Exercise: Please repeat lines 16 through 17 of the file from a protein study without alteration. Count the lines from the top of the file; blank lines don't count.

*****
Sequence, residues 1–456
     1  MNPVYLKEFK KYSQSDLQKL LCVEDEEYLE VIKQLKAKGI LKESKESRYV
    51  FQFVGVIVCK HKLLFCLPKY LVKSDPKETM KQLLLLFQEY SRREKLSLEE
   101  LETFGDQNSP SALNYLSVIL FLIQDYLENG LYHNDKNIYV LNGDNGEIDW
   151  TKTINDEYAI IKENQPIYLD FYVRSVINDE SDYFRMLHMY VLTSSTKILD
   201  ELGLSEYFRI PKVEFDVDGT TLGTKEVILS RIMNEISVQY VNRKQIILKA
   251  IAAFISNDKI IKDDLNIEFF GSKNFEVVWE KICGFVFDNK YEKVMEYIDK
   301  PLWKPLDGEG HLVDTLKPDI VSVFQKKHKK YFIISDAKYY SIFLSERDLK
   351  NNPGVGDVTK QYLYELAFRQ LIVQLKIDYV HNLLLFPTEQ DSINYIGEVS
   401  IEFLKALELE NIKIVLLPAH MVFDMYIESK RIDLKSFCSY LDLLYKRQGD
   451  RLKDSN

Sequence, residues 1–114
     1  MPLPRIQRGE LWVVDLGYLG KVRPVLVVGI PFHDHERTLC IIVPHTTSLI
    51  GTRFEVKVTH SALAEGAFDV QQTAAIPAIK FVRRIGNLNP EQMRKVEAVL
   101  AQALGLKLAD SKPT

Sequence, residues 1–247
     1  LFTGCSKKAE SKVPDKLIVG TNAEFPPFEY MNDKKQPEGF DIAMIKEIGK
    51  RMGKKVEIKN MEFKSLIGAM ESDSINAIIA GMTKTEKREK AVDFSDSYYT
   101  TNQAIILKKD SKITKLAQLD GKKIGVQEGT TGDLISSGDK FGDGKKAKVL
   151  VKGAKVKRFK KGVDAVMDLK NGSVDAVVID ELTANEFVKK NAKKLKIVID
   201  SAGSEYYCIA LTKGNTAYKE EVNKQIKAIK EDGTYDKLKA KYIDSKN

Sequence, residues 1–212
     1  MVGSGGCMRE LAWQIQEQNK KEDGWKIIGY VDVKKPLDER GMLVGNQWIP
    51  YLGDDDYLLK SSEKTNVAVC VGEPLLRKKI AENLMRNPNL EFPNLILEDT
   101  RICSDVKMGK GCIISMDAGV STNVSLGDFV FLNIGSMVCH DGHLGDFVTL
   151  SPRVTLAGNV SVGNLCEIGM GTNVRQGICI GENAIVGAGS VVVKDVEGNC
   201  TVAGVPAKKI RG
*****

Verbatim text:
Sequence, residues 1–247
     1  LFTGCSKKAE SKVPDKLIVG TNAEFPPFEY MNDKKQPEGF DIAMIKEIGK